By Shelley Fluegge
When I first started researching soap making I found there were three ways of making soap. The easiest and least labor intense was melt and pour, this soap comes as a solid and is just heated up and becomes a liquid, you add in whatever you want to the soap, pour it in a mold and let it set up. Pretty simple but not what I was looking for.
The other two methods were the actual process of creating soap from oils, water and sodium hydroxide. Hot process did not appeal to me, I didn't think standing over a stove cooking soap sounded like an enjoyable time so I began to focus on cold process soapmaking. Cold process soapmaking does not require any external heat as the name suggests. I read instructions that detailed the oil had to be 110F and the lye had to be 100, but the next bit of information I found stated each had to be 100, or 95, or one had to be 95 and the other 100 and others stated ‘warm to the touch’ Im not about to touch hot lye water or oil to see if its cooled enough. It was making me crazy! But I settled on one and gave it a shot.
Then after many batches I read about room temperature soaping and gave it a try. I was very happy with the ease and efficiency I have while soaping at room temperature. This is my method: Measure several batches of oil at one time. I simpley line up all of my buckets and measure my oils out in assembly line fashion, cover and put away until its time to soap. Measure out two batches of my water-half in ice form and half in liquid form, add my 2 batches worth of lye and let cool. I place it in a cool locked room. Sometimes it sits overnight or for a few days. I prefer to leave it in an extra bathroom inside the bathtub just incase of a spill.
On the day I am going to soap I prepare my mold by lining it with freezer paper, measure out whatever I may be adding into my soap such as clays, dyes, essential or fragrance oils and grab one batch of oil. Since I use some hard oils in my recipe I take my stick blender to the oil mixture and make sure there are no solid pieces remaining and now its time to create soap by adding in the lye slowly and stirring until trace. Trace is the name for the stage where the soap looks like a thin custard, its ready to pour into the mold now unless you plan on scenting, layering, swirling or adding in exfoliants.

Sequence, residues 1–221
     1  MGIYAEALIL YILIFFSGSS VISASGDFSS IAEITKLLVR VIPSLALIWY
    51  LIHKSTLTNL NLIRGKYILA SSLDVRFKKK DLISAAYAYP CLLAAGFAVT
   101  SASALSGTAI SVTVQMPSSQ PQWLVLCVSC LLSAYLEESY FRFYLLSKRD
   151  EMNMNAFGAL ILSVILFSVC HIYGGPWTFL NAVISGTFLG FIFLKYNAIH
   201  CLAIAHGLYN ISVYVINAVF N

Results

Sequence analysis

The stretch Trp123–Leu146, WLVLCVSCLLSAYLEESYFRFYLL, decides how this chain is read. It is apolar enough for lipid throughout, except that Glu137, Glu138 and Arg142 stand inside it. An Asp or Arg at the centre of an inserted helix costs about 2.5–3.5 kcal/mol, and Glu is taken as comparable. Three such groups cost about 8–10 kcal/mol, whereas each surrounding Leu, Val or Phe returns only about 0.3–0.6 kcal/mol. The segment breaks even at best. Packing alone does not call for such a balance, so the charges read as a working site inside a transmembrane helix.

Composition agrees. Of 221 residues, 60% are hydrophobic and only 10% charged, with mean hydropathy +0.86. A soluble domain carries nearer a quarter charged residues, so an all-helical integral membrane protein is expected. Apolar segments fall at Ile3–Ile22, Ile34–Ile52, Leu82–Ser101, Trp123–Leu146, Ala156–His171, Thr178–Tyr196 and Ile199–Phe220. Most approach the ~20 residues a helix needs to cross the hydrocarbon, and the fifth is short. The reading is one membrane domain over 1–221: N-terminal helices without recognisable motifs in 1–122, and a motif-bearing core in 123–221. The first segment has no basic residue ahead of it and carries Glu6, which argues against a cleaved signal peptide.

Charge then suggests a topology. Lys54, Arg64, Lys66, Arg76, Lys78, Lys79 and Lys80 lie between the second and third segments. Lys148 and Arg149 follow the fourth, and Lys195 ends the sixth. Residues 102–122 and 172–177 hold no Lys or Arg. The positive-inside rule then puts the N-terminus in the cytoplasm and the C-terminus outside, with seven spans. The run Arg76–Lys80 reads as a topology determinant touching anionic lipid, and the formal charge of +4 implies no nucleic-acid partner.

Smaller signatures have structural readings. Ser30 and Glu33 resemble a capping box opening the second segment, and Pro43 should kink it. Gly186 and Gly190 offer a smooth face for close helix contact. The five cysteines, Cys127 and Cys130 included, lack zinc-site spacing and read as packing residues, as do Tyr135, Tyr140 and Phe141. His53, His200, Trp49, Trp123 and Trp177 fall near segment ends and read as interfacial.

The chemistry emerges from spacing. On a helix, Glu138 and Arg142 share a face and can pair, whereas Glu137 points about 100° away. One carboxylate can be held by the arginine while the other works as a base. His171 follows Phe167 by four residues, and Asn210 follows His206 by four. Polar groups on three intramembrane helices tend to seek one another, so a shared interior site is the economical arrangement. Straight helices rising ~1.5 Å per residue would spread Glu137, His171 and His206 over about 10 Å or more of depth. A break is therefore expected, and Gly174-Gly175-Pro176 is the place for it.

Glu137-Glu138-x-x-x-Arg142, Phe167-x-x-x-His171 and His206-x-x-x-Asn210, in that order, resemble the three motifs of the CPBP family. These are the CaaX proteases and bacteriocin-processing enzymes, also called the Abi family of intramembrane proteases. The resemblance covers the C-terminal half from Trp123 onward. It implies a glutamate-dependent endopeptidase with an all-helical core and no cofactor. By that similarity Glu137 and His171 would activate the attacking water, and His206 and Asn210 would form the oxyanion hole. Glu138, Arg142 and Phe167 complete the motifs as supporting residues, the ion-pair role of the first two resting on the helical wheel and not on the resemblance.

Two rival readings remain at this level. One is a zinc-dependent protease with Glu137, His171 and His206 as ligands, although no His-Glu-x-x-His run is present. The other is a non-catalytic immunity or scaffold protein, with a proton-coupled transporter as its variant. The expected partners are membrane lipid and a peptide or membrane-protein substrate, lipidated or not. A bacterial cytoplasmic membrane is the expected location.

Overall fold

Once the soap is poured its time to put it to bed. I place mine in my oven, but many people prefer to put their soap in a box covered in blankets. The soap will become hot and go through another stage called gelling.You can cut your soap in a day or two but industry standard is 3 weeks of waiting before use or sale.
I chose room temperature cold process soap because of its efficiency. I dont have to wait for my oil or lye water to cool, I just grab and soap. Prior to this method I did the 100-110F method and it took a very long time from start to finish and each time I had a huge mess of oils all over and only one little batch of soap to show for it. Now I have one messy oily day and 6-8 batches of oil waiting to be soaped to show for it! My soaping sessions went from an hour or longer to no more than 20 minutes.
Shelley Fluegge is the owner of Bella Sapone a soap, bath and body business.
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